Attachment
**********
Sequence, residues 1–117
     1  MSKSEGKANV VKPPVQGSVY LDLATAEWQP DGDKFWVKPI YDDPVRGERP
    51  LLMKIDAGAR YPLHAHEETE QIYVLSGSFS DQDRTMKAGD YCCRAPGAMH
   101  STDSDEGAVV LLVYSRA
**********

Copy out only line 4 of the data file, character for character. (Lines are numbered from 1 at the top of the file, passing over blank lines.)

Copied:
   101  STDSDEGAVV LLVYSRA